GHB drug Rape

Enough date rape drug GHB to render more than 200 people unconscious can be bought online for just £70, a Mirror investigation found.

A loophole means that a legal cleaning product which is converted by the body into GHB when consumed can be bought online for less than 10p for a ‘normal’ dose.

It comes after the conviction of Britain’s worst ever rapist Reynhard Sinaga, who is believed to have attacked up to 195 victims after doping them with GHB.

But there are concerns that the widespread availability of the class C drug is spawning a generation of addicts, with some young people turning to it as a “healthier” alternative to alcohol.

A Mirror investigation found a string of websites across Europe selling huge quantities of the cleaning solvent GBL for around £70 a litre.

That’s less than 10p for a typical 1ml dose. It is legal in the UK unless it is intended for consumption.

One website offers 1000 ml of “pharma grade” industrial cleaner for less than £70. Another advertises “99.9% purity” and boasts: “All offered products are constantly in stock. 1 day delivery to Europe.”

It is believed the drug is bought in large quantities by dealers in the UK who then repackage it in smaller doses using refillable capsules, plastic heat-sealed straws or even the type of small fish-shaped soy sauce bottles used in sushi bars.

These are then distributed at pubs and clubs and through apps like the gay dating site Grindr, where users advertise “G 1ml” for as little as £1.

Users typically take just 1-2ml a time but the drug is so potent that just an extra 1ml can lead to loss of consciousness and even death.

As it is colourless, odourless and tasteless it has become one of the most-widely used “date rape” drugs.

It is particularly dangerous when combined with alcohol and, as many of Sanaga’s victims had been drinking before he targeted them, experts told the Mirror is was remarkable than none appear to have died.

Increasing numbers of addicts of drugs like GHB led to the creation of a Club Drug Clinic by the Central and North West London NHS Foundation Trust.

Becky Harris, services manager at the Club Drug Clinic, said: “Predominantly our clients are people who have used GHB for ‘chemsex’, gay men who chose to use it in a sexual context.

“We do also have some heterosexual women who use it. People might start off using it recreationally but you can quickly become physically addicted. You can buy it very easily.

“It is very difficult and dangerous to dose. You can be completely out but you can come round very quickly. You can be in a hazy state or you can fatally overdose very easily too.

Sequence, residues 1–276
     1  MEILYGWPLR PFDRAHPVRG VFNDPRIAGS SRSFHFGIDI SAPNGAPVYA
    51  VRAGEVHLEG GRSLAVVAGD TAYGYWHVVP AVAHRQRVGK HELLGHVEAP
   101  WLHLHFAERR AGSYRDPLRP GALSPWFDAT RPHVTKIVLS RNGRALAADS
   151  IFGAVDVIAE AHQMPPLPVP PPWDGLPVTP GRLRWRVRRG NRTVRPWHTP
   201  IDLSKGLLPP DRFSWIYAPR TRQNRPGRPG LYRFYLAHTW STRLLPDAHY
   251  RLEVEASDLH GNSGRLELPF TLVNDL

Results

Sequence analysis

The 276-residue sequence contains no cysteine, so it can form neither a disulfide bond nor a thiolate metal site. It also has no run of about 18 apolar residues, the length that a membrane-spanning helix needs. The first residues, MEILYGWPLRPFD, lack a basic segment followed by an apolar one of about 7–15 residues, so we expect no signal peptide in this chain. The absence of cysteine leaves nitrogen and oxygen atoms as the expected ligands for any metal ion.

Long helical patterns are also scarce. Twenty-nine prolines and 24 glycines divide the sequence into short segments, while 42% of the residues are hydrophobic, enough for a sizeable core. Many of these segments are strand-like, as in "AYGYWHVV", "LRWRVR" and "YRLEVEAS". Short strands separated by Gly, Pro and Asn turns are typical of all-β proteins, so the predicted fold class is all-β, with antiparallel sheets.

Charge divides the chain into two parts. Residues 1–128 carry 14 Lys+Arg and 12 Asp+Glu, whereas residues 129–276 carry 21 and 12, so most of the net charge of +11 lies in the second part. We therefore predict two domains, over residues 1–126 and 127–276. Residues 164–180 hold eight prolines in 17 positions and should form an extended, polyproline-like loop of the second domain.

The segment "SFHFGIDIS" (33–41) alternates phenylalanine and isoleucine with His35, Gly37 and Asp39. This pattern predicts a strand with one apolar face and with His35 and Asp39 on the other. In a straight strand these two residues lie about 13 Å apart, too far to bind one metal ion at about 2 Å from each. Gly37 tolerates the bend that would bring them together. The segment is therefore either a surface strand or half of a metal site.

“It is particularly dangerous with alcohol as it works on the same system.

It is amazing that this man was able to administer doses to people who were already drunk and that they survived.”

Peter Sheath, Chemsex Mental Health Lead at Addaction Liverpool, said: “Typically people take the drug recreationally through mixing droplets of the liquid in a drink. People will often use a pipette to measure the dosage.

“The chances of overdose when taking GHB are extremely high as there is just a few millilitres difference between having a good time and ‘going under’.

“‘Going under’ describes the practice of losing consciousness, a common occurrence when taking GHB. This obviously leaves people vulnerable to exploitation.

“In extreme cases overdosing can lead to people entering a coma and can be fatal.

“There is a growing trend of young people using GHB as a club drug. They will often mix GHB in alcoholic or soft drinks to achieve a sense of relaxation and euphoria.”

GHB was made a Class C drug in 2003. GBL remains legal as a cleaning product but since 2009 it has been illegal in the UK to sell, supply, import, export, or produce GBL if “knowing or believing that it will be used for the purpose of human ingestion”.

GHB has been popular at gay sex parties for a number of years but drug experts are warning that increasingly it is being used as an alternative to alcohol by clubbers who may be unaware of the risks.

It is believed that thousands of Britons overdose on it every year but most go on to recover. One in four recreational users told one survey they had overdosed on the drug.

During the last ten years, there have been 265 deaths in England and Wales linked to GHB, according to the Office of National Statistics.

But the true figure may be higher as it is not routinely tested for after sudden deaths and can be difficult to detect.

Following the conviction of Sinaga this week for 159 sex offences, Home Secretary Priti Patel called for a review of controls for drugs like GHB.

Serial killer Stephen Port was given a life sentence in 2016 for poisoning four young men with lethal doses of the drug.

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